How do I register PBM?
PBM is very easy to register, simply purchase
a license from us on our order page, and you will receive a license code. To
enter your license information, simply boot the PBM Setup disk you used to
install PBM and select Registration, then Register, and finally Enter new
license. PBM stores the license on your PC's hard disk so you will not need to
enter it again.
Will PBM work with my operating system?
We have a list of Operating System
Installation Instructions in our online manual; however, PBM was designed to
work with any operating system that uses the traditional partition table which
should be ALL of them. Even if we do not list instructions for your operating
system, it is very likely to work once you figure out how to install it
properly. We are more than happy to test and provide installation instructions
for any operating system you like if we can download an ISO CD-ROM image of
it, or you send it to us for testing purposes.
What type of mice does it support?
It supports only PS/2 style mice. If your
BIOS has PS/2 emulation for USB mice, your USB mouse may also work. It is
unlikely that serial, non BIOS emulated USB, and other mice will work. In the
event that you are using an unsupported mouse, all functions can be controlled
by the keyboard.
Does it support BIOS disk translation
No, it does not. This is software like the
OnTrack Disk Manager (and there are others) that installs itself in the MBR
and loads code to access a larger drive than the BIOS is capable of. The
problem with BIOS disk translation software is that it creates an incompatible
environment for these reasons. (1) It remaps the drive so that the sectors are
not in the correct places, LBA 0 is NOT LBA 0 on a drive with this software
installed. (2) Booting any other way but from the hard drive results in not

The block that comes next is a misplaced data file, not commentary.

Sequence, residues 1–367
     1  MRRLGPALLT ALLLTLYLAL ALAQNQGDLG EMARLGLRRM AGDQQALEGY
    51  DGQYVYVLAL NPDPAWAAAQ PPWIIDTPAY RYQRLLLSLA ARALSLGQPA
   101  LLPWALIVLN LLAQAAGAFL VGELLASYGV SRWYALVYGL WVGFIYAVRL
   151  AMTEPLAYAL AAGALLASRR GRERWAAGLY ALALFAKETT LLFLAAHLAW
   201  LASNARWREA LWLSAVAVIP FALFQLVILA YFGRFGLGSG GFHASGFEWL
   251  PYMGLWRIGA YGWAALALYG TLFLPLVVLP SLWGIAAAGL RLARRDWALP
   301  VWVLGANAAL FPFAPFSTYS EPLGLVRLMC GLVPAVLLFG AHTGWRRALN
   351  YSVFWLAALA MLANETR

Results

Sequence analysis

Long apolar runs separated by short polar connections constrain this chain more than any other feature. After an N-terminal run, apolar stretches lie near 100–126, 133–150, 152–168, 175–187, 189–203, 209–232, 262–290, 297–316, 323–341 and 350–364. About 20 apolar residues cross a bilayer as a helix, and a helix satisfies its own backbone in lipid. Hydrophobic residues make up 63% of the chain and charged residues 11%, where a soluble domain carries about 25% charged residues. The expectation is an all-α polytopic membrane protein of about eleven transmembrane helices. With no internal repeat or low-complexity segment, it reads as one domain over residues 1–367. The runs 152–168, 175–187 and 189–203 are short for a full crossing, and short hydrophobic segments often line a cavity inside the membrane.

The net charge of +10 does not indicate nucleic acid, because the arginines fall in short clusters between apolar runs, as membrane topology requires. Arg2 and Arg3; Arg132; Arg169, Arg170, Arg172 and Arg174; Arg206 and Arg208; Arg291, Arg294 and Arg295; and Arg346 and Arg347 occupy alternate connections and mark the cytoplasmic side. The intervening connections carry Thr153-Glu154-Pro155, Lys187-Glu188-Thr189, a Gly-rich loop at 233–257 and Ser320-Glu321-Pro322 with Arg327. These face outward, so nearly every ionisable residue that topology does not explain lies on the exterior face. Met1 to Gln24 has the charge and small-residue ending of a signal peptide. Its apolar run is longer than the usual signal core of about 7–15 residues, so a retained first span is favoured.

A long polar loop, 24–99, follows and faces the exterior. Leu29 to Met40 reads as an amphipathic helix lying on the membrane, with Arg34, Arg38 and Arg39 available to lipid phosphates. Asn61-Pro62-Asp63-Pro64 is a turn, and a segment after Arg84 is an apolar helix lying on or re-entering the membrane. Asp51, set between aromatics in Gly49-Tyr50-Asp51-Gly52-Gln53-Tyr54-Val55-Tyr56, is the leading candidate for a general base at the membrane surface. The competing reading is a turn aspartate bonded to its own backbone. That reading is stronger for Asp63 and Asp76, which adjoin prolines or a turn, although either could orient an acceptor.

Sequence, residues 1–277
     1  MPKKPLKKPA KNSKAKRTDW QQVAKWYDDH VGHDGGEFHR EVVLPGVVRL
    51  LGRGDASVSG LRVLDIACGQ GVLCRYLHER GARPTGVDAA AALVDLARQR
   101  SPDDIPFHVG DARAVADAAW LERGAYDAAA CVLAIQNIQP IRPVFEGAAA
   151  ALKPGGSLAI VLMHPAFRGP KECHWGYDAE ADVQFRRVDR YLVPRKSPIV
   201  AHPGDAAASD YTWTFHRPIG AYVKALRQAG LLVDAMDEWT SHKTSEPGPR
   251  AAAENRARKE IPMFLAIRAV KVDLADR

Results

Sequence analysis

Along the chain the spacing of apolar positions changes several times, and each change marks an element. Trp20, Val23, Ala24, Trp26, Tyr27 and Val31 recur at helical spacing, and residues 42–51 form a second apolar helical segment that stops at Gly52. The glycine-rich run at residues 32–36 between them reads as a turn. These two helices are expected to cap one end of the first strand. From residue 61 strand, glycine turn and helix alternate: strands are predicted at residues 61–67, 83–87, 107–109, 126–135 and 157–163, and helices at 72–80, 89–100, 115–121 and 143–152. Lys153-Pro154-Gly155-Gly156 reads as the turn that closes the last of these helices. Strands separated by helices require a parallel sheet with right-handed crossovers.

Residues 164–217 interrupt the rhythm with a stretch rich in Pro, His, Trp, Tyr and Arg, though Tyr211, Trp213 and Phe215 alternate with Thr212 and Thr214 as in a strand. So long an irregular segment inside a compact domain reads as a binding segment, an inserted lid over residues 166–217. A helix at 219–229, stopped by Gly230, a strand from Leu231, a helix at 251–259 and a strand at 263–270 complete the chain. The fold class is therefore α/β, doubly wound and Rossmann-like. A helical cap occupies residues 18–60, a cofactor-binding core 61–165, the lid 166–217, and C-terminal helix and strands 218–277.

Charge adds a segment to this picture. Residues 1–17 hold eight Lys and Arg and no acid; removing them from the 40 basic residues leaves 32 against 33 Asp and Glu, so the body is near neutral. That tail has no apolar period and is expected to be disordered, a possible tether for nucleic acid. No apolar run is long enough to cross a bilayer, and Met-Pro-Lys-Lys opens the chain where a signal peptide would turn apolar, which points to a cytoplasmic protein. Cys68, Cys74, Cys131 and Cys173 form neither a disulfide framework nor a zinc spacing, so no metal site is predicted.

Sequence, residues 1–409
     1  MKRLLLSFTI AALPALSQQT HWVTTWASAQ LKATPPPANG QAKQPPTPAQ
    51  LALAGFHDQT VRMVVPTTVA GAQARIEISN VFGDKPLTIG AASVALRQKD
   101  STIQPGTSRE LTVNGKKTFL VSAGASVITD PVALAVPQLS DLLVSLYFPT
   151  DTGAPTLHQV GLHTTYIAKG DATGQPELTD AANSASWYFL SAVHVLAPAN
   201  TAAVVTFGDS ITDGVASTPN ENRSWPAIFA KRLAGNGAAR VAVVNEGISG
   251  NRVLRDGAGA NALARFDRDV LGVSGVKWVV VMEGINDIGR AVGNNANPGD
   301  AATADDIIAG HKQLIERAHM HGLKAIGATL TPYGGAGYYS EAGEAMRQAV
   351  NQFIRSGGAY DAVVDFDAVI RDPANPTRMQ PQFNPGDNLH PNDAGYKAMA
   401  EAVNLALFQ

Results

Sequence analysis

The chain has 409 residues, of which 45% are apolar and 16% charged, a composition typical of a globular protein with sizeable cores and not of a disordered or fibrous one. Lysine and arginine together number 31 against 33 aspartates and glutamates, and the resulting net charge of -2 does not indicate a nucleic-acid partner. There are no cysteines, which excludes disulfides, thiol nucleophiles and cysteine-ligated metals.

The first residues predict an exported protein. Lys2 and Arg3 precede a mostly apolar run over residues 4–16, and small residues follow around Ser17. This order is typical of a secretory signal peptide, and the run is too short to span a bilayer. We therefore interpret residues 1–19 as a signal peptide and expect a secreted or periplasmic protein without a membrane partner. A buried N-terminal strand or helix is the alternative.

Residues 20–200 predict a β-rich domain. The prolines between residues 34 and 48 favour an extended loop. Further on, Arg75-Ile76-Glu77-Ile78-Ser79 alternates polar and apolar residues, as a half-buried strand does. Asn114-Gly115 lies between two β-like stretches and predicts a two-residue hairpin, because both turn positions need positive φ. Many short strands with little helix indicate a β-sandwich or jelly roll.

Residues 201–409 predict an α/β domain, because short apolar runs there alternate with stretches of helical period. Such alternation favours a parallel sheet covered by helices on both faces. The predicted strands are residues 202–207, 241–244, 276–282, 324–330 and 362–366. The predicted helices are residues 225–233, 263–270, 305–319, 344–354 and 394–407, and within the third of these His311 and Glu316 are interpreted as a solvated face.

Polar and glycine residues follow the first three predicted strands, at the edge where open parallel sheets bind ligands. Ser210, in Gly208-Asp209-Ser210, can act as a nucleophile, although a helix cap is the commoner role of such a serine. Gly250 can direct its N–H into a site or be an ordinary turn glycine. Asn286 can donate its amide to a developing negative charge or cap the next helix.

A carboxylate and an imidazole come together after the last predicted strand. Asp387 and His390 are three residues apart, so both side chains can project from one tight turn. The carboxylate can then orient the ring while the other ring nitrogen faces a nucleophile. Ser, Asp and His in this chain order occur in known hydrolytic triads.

loading the disk translation software, which results in corrupted access to
the drive. (3) It is prone to problems in which is becomes corrupted and the
users entire drive becomes inaccessble. (4) It is NOT a compatible way to fix
the issue, a newer BIOS is proper way to solve the issue.
What about programs like Drive Image that
alter the MBR to perform their tasks?
PBM will handle this properly, but there is one
word of caution. Programs like Drive Image actually have a feature to them
that allows the system to boot up and load a "virtual floppy disk". This
is a great feature and very handy to perform tasks that the program is unable to
perform when running within the operating system. What happens is that the
MBR is replaced with one that loads the virtual floppy disk and then restores
the correct MBR afterwards. This will work with PBM just fine, unless a
PBM Setup disk or CD-ROM is started when the system is rebooting to load the
virtual floppy. In this case, PBM Setup thinks that the unrecognized MBR
is a new MBR associated with the currently booted operating system and assigns
it. The result is that when booting that operating system, it will keep
booting the virtual floppy disk and NOT the operating system. To fix this,
simply go into the properties on the operating system and set it to use the
standard MBR instead of the custom one. If the operating system required a
custom MBR that was overwritten, then you will need to restore the PBM
configuration to recover the custom MBR.